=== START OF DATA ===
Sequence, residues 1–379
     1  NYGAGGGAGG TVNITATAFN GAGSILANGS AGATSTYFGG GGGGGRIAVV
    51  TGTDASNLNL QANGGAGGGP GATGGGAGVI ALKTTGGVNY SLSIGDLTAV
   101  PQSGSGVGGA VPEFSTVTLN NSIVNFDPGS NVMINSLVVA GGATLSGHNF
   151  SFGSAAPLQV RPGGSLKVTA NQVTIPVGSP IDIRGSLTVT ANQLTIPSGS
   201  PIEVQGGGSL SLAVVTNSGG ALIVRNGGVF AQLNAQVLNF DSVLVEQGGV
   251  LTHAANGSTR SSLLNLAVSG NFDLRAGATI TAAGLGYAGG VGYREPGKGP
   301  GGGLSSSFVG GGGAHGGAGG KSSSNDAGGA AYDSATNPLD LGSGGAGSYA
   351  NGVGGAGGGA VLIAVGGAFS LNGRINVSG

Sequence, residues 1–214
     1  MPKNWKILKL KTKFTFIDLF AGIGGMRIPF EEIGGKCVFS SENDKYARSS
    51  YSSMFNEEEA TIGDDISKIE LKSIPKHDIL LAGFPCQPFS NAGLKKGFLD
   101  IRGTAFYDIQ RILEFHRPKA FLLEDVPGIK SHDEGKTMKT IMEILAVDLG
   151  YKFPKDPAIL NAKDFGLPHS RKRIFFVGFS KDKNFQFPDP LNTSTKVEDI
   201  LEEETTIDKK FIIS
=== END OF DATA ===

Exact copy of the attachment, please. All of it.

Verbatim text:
Sequence, residues 1–379
     1  NYGAGGGAGG TVNITATAFN GAGSILANGS AGATSTYFGG GGGGGRIAVV
    51  TGTDASNLNL QANGGAGGGP GATGGGAGVI ALKTTGGVNY SLSIGDLTAV
   101  PQSGSGVGGA VPEFSTVTLN NSIVNFDPGS NVMINSLVVA GGATLSGHNF
   151  SFGSAAPLQV RPGGSLKVTA NQVTIPVGSP IDIRGSLTVT ANQLTIPSGS
   201  PIEVQGGGSL SLAVVTNSGG ALIVRNGGVF AQLNAQVLNF DSVLVEQGGV
   251  LTHAANGSTR SSLLNLAVSG NFDLRAGATI TAAGLGYAGG VGYREPGKGP
   301  GGGLSSSFVG GGGAHGGAGG KSSSNDAGGA AYDSATNPLD LGSGGAGSYA
   351  NGVGGAGGGA VLIAVGGAFS LNGRINVSG

Sequence, residues 1–214
     1  MPKNWKILKL KTKFTFIDLF AGIGGMRIPF EEIGGKCVFS SENDKYARSS
    51  YSSMFNEEEA TIGDDISKIE LKSIPKHDIL LAGFPCQPFS NAGLKKGFLD
   101  IRGTAFYDIQ RILEFHRPKA FLLEDVPGIK SHDEGKTMKT IMEILAVDLG
   151  YKFPKDPAIL NAKDFGLPHS RKRIFFVGFS KDKNFQFPDP LNTSTKVEDI
   201  LEEETTIDKK FIIS